keskiviikko 8. tammikuuta 2014

REVIEW - X-Men | PC | 1989

GENRE(S): Action / Adventure / Puzzle
DEVELOPER(S): Paragon Software
PUBLISHER(S): Paragon Software

The first game I reviewed within the confines of this series of Marvel reviews was an old DOS game called The Amazing Spider-Man - by no means a great, revolutionary game, but surprisingly decent and moreover, a different game, more of a puzzle game than a straightforward action game or a run-of-the-mill platformer. It was made by Paragon Software - a closer look at the company reveals a whole series of Marvel games, of which the aforementioned game was actually the last, and also one of the last games before the company was bought out by MicroProse. Among those games was a pair of X-Men games, formally labelled X-Men and X-Men II, but better known as X-Men: Madness in Murderworld and X-Men: Fall of the Mutants, respectively. While the latter followed a comic book storyline, this first DOS game was an original story, one that Marvel endorsed to the point of including a limited edition comic book, serving as a prequel to the game's events, in the game package. Just like The Amazing Spider-Man, X-Men isn't from the most typical end of superhero games either, as it crosses point 'n' click with arcade action. Now I didn't rightly know what I was heading into here, but I knew it had to be better than what I just suffered through on the NES. I WANTED it to be better.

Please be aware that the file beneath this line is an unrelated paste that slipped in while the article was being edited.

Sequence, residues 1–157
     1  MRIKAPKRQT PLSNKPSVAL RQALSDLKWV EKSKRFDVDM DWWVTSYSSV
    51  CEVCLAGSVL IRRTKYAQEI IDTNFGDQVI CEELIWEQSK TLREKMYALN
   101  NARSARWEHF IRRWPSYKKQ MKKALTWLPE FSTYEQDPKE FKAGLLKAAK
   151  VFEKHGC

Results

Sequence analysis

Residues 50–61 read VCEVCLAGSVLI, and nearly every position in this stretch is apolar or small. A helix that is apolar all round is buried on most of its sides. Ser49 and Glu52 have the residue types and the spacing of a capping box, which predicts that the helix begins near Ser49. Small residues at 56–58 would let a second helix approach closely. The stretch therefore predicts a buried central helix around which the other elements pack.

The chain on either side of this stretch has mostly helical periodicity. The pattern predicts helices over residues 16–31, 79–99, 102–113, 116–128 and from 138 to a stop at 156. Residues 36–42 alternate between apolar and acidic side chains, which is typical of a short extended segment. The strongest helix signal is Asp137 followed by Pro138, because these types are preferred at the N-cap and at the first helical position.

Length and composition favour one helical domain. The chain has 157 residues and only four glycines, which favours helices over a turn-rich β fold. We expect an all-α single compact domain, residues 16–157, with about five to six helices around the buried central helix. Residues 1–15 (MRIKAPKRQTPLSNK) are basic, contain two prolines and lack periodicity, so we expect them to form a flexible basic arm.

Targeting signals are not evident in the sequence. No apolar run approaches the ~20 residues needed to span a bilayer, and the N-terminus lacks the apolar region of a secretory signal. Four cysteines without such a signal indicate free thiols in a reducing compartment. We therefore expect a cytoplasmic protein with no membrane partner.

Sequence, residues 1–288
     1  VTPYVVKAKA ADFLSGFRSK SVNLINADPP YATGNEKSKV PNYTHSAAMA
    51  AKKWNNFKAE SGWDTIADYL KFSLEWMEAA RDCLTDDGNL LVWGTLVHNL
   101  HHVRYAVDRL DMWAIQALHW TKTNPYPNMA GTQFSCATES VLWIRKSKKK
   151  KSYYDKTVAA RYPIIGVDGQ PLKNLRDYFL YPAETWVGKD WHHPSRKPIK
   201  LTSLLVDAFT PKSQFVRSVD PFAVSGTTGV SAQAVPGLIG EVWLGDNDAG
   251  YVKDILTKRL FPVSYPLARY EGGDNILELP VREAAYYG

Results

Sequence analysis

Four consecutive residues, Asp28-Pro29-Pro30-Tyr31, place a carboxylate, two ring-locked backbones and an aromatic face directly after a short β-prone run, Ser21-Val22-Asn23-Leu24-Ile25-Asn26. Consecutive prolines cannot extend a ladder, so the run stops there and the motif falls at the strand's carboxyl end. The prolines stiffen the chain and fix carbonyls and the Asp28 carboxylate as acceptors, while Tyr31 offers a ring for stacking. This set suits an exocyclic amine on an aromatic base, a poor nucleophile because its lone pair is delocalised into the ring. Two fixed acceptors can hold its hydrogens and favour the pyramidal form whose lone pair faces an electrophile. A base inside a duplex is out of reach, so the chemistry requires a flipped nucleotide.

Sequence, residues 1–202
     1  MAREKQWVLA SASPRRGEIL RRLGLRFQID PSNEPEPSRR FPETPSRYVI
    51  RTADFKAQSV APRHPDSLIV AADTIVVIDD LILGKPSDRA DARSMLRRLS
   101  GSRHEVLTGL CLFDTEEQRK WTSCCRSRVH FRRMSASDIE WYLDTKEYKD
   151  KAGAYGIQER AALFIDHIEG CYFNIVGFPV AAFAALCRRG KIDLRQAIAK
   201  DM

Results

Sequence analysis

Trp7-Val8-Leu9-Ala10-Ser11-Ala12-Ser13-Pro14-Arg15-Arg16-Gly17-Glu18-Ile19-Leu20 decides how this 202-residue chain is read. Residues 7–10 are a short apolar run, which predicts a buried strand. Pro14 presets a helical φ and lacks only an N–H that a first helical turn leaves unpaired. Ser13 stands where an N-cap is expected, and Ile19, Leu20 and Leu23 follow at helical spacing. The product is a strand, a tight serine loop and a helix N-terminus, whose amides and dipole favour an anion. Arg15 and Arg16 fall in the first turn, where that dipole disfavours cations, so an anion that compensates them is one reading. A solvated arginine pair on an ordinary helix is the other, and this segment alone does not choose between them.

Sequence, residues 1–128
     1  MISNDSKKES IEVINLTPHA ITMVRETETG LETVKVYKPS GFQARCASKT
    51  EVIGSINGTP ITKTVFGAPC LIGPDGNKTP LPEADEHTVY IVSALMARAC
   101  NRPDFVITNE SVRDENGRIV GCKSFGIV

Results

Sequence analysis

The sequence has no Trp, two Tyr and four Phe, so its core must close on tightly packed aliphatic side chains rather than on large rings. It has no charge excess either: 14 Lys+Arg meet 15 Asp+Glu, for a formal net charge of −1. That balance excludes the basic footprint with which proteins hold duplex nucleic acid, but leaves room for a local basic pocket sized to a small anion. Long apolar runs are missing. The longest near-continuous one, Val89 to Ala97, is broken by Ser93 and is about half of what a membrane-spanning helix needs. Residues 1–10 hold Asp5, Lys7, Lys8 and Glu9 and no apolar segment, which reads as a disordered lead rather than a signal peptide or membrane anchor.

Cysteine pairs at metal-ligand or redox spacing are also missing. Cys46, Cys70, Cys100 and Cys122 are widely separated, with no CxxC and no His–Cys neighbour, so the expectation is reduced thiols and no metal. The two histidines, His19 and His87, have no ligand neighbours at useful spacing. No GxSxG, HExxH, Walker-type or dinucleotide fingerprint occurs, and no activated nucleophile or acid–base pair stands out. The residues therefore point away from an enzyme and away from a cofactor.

Love killercoaster

The X-Men's arch nemesis Magneto has joined forces with the evil genius Arcade, kidnapped Professor X and taken him to Arcade's backyard in the twisted theme park known as Murderworld. A team comprised of the X-Men's finest - Wolverine, Cyclops, Storm, Colossus, Nightcrawler, and Dazzler - bust through the gates to save their leader and mentor, to be greeted by a legion of Sentinels, other formidable enemies and brain-twisting puzzles requiring the skills of each and every one of them. (Keep that in mind, 'cause that is one of the game's greatest downfalls.)